The Lafayette Parish School System will likely seek taxpayer approval for a property tax next spring, an effort to close the gap on more than a billion dollars in system wide facility needs.
Superintendent Don Aguillard said the board appears inclined to address building needs in a system that has some 471 temporary buildings, some so old that they were used when Aguillard began teaching four decades ago.
“Lafayette Parish should be embarrassed by the quality of our facilities,” the superintendent told The Daily Advertiser’s editorial board Wednesday. “Where in any definition of ‘temporary’ does it say buildings that are 45 years old?”
Lafayette collects 33.56 mills in property taxes, well behind similar-sized systems like Caddo, 75.66 mills; St. Tammany, 68.18; and Ascension, 61.59; but ahead of Calcasieu, 18.04. There are about 31,000 public schoolchildren in Lafayette.
Aguillard said that 20 percent of the parish’s schoolchildren are taught in temporary buildings — in some, teacher lectures are drowned out when rainfall hits the roof — and some teachers spend their entire careers teaching in temporary buildings.
Here’s how dire the situation is, in some places:
•At Milton Elementary School, there are more children housed in temporary structures than in the permanent ones. There is no space for additional temporary classrooms.
•With 2,500 students, Lafayette High cannot accommodate additional students. Two older temporary buildings are being moved to the site to be placed on old tennis courts. The school, built in 1953, should be replaced, but the replacement cost is about $125 million.
•The system has virtually no air-conditioning in its gymnasiums, not all walkways are covered from the rain and in many places, sidewalks have crumbled or disintegrated.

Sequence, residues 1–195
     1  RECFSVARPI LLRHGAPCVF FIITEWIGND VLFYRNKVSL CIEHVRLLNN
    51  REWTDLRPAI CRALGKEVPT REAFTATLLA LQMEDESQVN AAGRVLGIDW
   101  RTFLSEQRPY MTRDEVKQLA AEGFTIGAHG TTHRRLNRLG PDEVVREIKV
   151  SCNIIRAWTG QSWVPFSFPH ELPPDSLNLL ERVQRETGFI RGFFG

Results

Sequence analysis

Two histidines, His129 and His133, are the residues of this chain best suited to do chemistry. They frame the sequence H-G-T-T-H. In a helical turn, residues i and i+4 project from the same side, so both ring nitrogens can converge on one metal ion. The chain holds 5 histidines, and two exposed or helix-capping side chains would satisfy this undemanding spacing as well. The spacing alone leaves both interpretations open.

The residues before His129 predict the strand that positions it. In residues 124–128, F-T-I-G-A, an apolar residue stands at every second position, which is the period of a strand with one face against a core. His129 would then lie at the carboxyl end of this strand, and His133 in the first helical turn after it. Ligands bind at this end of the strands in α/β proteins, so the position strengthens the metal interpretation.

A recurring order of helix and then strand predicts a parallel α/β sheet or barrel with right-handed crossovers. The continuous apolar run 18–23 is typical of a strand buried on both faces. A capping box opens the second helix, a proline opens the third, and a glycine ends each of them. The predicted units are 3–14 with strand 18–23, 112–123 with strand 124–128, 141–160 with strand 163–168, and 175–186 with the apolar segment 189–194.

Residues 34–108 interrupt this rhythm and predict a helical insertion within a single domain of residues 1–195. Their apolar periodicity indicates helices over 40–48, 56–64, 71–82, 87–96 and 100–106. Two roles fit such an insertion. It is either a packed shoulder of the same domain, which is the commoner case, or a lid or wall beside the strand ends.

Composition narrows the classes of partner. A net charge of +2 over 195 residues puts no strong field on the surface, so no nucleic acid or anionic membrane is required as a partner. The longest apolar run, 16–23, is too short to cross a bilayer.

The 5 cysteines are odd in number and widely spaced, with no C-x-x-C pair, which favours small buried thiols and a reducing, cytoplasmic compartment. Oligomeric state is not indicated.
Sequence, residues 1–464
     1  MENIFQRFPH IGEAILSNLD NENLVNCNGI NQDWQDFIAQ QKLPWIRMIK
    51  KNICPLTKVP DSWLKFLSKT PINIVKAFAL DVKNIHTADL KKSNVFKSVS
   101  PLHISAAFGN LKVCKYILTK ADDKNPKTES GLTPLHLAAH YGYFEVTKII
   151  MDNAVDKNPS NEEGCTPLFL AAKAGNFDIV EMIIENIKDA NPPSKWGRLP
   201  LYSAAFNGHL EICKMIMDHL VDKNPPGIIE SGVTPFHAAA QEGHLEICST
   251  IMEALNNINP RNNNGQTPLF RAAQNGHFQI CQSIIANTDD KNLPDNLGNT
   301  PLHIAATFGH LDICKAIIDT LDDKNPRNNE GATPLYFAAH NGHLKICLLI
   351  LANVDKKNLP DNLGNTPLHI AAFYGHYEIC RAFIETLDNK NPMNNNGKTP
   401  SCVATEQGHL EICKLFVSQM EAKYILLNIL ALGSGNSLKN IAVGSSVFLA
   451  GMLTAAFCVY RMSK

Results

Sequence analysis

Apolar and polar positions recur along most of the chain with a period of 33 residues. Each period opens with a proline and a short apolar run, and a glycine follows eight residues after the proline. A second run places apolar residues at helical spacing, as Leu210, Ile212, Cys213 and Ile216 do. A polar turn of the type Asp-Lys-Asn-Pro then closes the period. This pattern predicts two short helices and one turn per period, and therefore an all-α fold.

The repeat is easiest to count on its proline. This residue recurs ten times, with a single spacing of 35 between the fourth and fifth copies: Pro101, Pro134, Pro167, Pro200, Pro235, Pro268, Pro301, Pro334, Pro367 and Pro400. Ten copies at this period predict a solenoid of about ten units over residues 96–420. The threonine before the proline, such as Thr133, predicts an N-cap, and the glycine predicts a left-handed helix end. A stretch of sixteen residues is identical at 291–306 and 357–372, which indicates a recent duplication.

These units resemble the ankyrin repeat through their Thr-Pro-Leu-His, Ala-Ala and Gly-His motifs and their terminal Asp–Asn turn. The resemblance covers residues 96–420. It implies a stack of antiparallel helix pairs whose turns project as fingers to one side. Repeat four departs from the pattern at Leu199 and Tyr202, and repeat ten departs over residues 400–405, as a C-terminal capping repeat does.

Aguillard also said the system must meet technology needs that have been long overlooked. He said one study indicated that the system has under spent on technology by an average of about $6 million a year for the past five years. The aging schools need the capacity to accommodate new technology and become Internet capable. In addition, he said, “We must put devices into the hands of students.”
He said that school system personnel and board members are weighing how to present a list of specific infrastructure needs to a voting public that often rejects tax requests. The system had debt millage funding from 1928-2008, but not since. The preferred date for such an election would be in April 2016.
He also said that any efforts to bolster parish school facilities must include funding to maintain the buildings, which was not done the last time the system passed a tax.
A facilities study in 2011 suggested the system needed some $1.1 billion in improvements or renovations. The system is updating that study now.
“An A-rated school system would not have the facilities we have,” said Aguillard, who also said the hallmarks of his tenure as superintendent, in addition to improving facilities and technology, would include raising the system to an “A” rating. There are nine A systems in the state; Lafayette ranks slightly below the middle of the 30 B systems in Louisiana.
Moving from a B to A rating will take incremental progress, he said, perhaps three or four points a year to get to the minimum score of 100 that would push LPSS up a letter grade. That’s doable, Aguillard said, if the academic leadership is focused on boosting its efforts for at-risk children, keeping students in school and providing academic opportunity for ambitious students.
Lafayette schools graduate about 69 percent of the ninth-graders who enter the high schools, which Aguillard said is “shocking” for its failures. He said “way too many students” struggle to move past the ninth grade; that necessitates new academic programs for math and literacy and demands additional efforts to keep students on track for graduation.
The system is not short on good opportunities like those offered in the Early College Academy, in the fine arts program at Lafayette High and at the David Thibodaux STEM Magnet Academy, he said. But citizens, the real owners of this school system, must provide the means to improve or maintain the facilities and to fund its academic success.